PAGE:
- outreach by engaging our geographically dispersed membership
in all U.S.
- Congressional districts."
- Dr. Sauthoff pointed out that in the area of building
- sponsors conferences and symposia; develops and
- career-development tools; argues for a strong U.S. engineering
- through programs ranging from pre-college to continuing
- permanent immigration; and supports pension portability for a
- workforce. In the area of technology policy, IEEE-USA works
- restructuring of the electric supply industry; strong research
- development through both industrial tax incentives and federal
- intellectual property rights in today's economy; and privacy
- of the information infrastructure.
- In 1998-99, Dr. Sauthoff served as IEEE-USA vice president
- Policy Activities. He began his work with IEEE-USA's
- Council (TPC) in 1988 and by 1997 had risen to TPC vice-chair.
- presented the IEEE-USA Divisional Professional Leadership
Award in 1996 in
- recognition of his accomplishments as chair of the
- Policy Committee in 1994-95.
- Dr. Sauthoff received a bachelor's degree in physics in
1971 and a
- master's in nuclear engineering in 1972, both from the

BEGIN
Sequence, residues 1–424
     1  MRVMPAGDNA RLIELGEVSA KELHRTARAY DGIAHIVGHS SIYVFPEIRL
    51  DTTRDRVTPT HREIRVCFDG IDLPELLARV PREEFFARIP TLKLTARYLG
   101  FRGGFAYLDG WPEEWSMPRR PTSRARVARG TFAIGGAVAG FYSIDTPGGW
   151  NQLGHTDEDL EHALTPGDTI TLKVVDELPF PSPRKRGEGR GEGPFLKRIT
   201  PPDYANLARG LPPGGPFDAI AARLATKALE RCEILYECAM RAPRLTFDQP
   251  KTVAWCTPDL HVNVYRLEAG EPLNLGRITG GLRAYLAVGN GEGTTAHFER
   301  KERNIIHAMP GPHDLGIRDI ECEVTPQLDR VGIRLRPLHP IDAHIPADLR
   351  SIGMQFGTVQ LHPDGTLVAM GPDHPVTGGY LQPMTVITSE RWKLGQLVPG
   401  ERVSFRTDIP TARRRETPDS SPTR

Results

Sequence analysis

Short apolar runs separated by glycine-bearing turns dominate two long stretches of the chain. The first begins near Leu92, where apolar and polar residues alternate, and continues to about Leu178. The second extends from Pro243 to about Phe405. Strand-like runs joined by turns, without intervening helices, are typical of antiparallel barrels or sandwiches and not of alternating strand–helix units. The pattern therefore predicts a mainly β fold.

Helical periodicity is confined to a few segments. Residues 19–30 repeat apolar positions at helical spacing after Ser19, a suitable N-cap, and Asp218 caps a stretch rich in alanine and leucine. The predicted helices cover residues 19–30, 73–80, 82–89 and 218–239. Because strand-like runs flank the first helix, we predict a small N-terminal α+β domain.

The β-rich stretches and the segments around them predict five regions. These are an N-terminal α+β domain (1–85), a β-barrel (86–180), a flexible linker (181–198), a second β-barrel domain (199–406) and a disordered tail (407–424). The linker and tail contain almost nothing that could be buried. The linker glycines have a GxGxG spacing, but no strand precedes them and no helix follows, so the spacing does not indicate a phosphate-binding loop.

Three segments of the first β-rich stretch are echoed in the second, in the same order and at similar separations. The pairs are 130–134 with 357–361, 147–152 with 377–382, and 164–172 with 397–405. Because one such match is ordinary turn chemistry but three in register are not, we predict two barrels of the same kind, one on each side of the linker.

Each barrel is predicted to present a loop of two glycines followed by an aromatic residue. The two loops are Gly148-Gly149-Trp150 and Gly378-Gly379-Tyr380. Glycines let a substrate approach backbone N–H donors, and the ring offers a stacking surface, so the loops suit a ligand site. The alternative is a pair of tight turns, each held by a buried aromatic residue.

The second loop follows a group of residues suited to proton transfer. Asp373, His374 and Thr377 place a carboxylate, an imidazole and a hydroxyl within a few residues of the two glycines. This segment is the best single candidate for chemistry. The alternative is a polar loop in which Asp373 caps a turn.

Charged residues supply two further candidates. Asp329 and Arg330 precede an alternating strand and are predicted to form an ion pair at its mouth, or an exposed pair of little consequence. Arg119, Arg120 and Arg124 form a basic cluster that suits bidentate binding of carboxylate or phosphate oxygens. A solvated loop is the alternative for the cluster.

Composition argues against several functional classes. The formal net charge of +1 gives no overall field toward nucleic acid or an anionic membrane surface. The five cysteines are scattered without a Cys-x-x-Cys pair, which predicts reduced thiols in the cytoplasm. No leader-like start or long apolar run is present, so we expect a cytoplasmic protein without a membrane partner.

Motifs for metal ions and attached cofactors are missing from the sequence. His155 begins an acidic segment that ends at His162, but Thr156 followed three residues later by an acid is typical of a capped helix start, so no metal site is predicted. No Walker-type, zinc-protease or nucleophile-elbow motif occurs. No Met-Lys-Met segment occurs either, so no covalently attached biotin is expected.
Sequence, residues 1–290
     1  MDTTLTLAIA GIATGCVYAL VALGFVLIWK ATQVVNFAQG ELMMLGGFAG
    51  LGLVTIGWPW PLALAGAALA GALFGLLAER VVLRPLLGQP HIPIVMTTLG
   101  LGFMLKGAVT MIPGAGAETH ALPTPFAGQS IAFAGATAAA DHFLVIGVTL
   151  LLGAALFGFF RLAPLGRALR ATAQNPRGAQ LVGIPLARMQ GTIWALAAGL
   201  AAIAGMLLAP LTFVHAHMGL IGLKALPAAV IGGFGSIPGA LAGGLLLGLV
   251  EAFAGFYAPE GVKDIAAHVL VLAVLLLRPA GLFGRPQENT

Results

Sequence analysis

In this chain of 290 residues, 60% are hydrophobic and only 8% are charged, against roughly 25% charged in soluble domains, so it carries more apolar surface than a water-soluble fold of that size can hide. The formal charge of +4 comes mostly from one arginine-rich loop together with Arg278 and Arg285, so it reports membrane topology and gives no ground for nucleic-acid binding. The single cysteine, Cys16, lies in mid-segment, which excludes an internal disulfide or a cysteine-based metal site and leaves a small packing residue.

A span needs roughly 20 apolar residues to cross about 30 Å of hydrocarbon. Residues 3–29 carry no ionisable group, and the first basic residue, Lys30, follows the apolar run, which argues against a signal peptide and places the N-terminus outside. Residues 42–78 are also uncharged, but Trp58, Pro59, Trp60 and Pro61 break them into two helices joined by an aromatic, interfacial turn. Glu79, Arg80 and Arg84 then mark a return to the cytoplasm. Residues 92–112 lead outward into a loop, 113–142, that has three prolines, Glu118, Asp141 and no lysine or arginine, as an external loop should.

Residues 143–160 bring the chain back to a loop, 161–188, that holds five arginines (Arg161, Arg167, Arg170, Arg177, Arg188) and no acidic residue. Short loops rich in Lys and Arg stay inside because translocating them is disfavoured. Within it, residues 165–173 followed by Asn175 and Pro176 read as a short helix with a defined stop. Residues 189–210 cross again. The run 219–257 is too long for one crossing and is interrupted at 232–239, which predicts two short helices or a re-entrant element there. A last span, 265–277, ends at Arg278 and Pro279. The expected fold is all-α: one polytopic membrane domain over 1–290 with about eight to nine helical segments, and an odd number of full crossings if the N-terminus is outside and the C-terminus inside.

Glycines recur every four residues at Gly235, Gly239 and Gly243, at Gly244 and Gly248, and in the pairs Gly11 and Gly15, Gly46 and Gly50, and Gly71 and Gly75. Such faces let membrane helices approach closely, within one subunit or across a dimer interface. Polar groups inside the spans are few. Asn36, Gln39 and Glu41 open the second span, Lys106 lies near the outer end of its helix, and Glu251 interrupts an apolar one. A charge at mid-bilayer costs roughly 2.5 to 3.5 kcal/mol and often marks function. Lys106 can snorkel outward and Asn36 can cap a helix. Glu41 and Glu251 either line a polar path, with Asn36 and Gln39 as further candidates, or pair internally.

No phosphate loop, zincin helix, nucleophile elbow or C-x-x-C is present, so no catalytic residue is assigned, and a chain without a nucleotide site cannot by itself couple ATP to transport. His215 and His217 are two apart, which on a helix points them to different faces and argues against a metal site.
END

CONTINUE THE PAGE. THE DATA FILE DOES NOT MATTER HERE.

- Institute of Technology. He has held his current position at
- 1997. The laboratory is the largest facility in the U.S.
- physics of the high-temperature gases, called plasmas, which
are used to
- create fusion energy -- an attractive energy source for the
future. The PPPL
- is funded by the DOE and managed by Princeton University.
- For more background information on Dr. Sauthoff,
- Presidents Column, January-February 2001
- Ned R. Sauthoff, 2001 IEEE-USA President
- Communications Play Key Role in Building Careers and Shaping
- Recent blackouts and power shortages in California, the
Northwest, Midwest, Northeast and Florida have demonstrated that
electric power policy has a large impact on the public benefits of
electrotechnology. The IEEE and its members -- leaders in
electrotechnology and information technology -- have key roles to